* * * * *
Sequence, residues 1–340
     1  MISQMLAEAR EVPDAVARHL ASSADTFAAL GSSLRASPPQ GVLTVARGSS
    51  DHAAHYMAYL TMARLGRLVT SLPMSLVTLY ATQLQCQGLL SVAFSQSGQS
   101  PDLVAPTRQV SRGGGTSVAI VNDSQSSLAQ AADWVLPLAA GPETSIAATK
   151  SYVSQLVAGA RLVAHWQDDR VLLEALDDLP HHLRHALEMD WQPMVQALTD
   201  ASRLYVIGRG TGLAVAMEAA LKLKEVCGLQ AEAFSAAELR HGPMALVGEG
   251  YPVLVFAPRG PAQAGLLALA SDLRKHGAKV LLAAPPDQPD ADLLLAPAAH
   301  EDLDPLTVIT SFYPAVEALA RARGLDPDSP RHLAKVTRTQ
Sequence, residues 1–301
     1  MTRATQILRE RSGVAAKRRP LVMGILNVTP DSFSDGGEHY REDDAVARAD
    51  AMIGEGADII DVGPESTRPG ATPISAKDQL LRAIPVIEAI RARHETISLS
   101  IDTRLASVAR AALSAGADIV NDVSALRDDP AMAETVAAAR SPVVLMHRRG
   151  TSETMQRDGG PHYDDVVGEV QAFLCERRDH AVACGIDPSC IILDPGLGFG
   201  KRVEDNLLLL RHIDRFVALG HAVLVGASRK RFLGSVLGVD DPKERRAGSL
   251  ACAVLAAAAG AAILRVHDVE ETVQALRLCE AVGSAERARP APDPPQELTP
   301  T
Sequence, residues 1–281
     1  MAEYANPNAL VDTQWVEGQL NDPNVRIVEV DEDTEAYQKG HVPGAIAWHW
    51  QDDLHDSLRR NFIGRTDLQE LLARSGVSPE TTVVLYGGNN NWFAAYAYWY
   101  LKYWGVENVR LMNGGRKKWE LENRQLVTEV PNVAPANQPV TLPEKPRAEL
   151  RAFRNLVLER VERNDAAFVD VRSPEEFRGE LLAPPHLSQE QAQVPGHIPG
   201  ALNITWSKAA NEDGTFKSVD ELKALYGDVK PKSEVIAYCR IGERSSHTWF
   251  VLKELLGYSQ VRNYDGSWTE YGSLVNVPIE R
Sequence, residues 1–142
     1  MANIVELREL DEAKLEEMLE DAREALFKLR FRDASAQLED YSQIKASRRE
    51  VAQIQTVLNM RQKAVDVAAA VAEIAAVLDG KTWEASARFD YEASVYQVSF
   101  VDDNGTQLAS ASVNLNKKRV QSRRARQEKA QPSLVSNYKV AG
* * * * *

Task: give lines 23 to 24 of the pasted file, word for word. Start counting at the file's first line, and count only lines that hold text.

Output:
   251  VLKELLGYSQ VRNYDGSWTE YGSLVNVPIE R
Sequence, residues 1–142